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Constituents: - Strychnine, brucine, gum, resin, oil, bassorin. The Strychnine content is higher than that of Nux Vomica
Toxicology: Info refers to Nux vomica: Nux vomica belongs to the family of Apocynaceae. Other members of this family which we use are Apocynum, Gelsemium, Oleander, Strophanthus and Vinca minor, and of its sub - group, the Loganiaceae, Ignatia, Nux vomica, Spigelia and Curare.The seeds contain strychnine and brucine, substances known toxicologically, their formulae being C21H22N2O2 and C23H26N2O4 respectively, though the chemical constitution has not so far been made clear.
Both are convulsive poisons. The animal with strychnine poisoning shows titanic muscle contractions on sensory, acoustic or optic stimulation which affect not only the stimulated part but the whole muscular apparatus of the body, for strychnine enters into the central nervous system, concentrating in the structures which refer reflexes, and causes the normal resistance in the intermediate neurones to be removed. The innervation of muscles and their antagonists becomes confused and a far too rapid alternation of the two leads to tetanus. Strychnine is easily resorbed and is stored and accumulated in the liver for a long time. In small doses it increases respiratory frequency and blood pressure, at the same time slowing down the heart beat. In cases of strychnine poisoning it is recommended to give ether narcosis at once to win time, give gastric lavage and charcoal, then narcosis with hypnotics or intravenous infusion of 3 per cent. magnesium sulphate. (Morphine must not be used.) (British Homeopathic Journal).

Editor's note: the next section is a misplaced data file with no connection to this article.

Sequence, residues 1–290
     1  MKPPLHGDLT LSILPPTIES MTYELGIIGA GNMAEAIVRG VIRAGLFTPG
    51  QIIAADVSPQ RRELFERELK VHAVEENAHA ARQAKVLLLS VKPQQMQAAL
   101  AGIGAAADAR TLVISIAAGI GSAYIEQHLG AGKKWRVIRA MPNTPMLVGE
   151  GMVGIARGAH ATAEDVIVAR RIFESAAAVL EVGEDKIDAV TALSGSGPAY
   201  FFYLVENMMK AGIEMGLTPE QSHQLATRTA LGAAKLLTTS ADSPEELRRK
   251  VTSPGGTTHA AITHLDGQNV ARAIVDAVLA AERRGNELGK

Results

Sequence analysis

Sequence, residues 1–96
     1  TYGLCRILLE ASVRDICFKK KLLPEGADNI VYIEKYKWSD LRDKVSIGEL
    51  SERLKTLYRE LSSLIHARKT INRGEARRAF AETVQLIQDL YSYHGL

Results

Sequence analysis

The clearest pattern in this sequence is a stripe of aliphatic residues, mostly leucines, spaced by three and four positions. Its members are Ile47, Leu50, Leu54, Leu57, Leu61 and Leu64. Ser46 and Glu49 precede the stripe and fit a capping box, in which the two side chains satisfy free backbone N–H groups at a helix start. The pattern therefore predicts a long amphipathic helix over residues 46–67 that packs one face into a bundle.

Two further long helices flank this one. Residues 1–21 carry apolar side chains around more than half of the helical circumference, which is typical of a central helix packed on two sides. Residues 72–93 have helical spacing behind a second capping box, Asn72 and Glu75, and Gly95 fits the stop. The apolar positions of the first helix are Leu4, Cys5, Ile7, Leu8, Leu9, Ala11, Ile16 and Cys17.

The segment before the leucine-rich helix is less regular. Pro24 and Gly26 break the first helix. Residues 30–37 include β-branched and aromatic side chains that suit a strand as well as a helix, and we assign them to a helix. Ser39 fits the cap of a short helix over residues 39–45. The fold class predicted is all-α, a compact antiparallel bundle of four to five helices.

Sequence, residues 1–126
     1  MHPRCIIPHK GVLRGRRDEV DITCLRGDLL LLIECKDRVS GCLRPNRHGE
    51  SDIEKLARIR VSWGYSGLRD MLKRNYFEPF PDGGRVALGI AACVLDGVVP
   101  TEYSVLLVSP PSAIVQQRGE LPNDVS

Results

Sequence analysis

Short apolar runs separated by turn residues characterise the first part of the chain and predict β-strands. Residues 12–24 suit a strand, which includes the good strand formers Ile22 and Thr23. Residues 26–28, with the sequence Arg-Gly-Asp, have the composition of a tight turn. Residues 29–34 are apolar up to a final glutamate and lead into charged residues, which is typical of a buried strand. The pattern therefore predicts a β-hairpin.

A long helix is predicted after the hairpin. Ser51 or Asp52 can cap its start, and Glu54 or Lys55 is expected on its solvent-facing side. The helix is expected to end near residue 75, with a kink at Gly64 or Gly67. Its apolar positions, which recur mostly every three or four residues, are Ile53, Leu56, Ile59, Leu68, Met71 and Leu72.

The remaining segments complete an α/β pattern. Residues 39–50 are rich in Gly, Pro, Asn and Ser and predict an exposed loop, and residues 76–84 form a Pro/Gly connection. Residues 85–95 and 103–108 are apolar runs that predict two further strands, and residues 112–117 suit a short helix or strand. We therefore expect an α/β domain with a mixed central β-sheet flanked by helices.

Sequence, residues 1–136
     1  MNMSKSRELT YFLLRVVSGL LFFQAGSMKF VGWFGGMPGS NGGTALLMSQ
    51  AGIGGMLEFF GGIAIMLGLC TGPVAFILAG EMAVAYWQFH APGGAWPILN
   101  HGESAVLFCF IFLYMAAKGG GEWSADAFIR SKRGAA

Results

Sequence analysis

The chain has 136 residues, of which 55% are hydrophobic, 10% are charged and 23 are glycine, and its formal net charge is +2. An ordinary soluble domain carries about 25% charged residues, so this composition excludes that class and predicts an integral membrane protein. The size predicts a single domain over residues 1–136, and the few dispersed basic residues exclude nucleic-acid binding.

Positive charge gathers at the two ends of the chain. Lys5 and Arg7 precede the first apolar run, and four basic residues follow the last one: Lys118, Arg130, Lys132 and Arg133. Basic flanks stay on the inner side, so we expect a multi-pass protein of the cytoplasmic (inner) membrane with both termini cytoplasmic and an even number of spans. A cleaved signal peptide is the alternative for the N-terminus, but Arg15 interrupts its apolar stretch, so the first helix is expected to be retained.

Pharmacology - Strychnine was first discovered in the Saint Ignatius Bean by Joseph-Bienaime Caineiou and Pierre Joseph Pelletier in 1818.
Strychnine is rapidly absorbed into the intestines and acts on the Central Nervous System. respiration deepens, and there is decreased stroke volume of the heart through excitation of the vagal centre. The olfactory cortex, the auditory cortex, the somatosensory and visual cortexes are rendered more acute on the frontal, temporal, parietal and occipital lobes of the brain.
Epinephrine levels are raised, thus increasing systemic blood pressure,
Brucine, in experiments on Paramecium caudatum, has been shown, like chloroquine and strychnine share a common component in their transduction pathways.